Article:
Learn how cash and accrual accounting methods affect sales tax.
The accounting method you use — cash basis vs. accrual basis — can affect the amount of sales tax you owe.
In this article, we'll explain how.
Understanding cash vs. accrual
When you use the cash basis method, you report your income when you receive it.
When you use the accrual basis method, you report your income when you bill it.
In August, you send out a $1000 invoice, with a sales tax rate of 6%, for a grand total of $1060. You receive a $424 payment in August, and the remaining $636 in September.
- With cash basis, you owe two sales tax payments, $24 for August and $36 for September, because you received payments in both August and September.
- With accrual basis, you owe one sales tax payment of $60 in August, because you invoiced your customer in August.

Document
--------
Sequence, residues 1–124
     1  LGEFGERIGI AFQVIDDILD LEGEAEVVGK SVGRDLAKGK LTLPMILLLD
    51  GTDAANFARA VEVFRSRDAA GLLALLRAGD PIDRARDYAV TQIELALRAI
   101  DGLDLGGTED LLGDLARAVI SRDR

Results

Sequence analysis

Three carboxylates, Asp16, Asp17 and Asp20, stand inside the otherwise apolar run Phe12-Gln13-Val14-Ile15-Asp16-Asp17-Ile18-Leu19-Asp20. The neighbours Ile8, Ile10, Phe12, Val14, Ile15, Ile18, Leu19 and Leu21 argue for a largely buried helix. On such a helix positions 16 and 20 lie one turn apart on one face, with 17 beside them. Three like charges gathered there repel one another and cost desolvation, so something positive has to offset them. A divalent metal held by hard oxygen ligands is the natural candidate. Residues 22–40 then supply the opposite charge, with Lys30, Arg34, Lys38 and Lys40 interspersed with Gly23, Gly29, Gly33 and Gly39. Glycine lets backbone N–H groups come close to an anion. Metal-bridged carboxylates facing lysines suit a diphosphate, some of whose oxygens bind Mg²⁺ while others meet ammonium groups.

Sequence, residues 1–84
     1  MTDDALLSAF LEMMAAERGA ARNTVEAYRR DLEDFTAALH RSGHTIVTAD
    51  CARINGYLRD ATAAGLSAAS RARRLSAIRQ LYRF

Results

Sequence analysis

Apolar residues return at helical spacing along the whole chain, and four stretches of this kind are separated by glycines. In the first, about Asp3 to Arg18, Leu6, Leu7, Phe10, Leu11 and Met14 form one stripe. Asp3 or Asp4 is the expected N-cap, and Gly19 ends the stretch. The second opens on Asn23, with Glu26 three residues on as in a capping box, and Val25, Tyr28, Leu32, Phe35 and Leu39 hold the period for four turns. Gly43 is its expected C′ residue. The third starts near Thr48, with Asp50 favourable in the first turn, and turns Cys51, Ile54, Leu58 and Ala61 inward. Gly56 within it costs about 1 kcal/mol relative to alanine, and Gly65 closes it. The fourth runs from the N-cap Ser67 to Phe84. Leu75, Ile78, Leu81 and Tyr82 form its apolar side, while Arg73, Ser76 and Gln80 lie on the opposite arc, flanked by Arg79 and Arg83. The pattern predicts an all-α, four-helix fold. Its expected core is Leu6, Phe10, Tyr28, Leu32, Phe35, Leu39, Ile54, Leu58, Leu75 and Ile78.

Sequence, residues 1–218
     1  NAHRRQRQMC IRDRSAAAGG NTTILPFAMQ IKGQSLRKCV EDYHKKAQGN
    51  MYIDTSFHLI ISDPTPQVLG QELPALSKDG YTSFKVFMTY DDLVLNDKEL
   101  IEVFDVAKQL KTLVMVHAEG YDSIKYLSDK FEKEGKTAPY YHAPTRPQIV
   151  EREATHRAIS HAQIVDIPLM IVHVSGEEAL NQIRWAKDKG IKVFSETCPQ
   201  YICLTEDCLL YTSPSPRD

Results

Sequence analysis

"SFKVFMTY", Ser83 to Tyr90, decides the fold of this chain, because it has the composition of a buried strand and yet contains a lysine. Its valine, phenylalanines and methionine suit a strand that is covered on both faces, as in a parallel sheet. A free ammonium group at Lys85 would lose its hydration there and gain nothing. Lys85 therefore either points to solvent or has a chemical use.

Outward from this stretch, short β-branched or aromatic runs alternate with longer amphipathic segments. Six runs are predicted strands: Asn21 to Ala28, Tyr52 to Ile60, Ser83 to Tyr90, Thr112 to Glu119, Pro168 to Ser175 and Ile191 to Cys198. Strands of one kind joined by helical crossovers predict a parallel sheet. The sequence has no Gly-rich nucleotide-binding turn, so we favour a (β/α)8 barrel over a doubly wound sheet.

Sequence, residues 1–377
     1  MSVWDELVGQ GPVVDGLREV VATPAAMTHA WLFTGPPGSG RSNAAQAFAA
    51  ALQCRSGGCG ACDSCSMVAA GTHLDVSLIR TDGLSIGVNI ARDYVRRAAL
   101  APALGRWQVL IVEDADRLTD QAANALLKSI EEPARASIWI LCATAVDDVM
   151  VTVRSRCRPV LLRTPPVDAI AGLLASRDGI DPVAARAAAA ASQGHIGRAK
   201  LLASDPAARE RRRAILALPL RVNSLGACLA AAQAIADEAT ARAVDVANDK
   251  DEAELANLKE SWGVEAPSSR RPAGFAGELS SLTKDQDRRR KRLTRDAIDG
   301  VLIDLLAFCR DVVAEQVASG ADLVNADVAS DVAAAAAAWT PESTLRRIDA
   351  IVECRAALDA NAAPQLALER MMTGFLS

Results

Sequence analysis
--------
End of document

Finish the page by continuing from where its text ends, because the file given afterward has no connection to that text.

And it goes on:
View the difference
The Sales Tax Center can show you the difference in sales tax owed for cash and accrual methods. From the left menu, select Taxes, and, in the Sales Tax Owed table, select one method or the other from the Accounting Basis drop-down menu to see the difference.
Depending on your location, there may be additional rules that govern when to use cash or accrual basis. Talk to your accountant about which method is most appropriate for your company.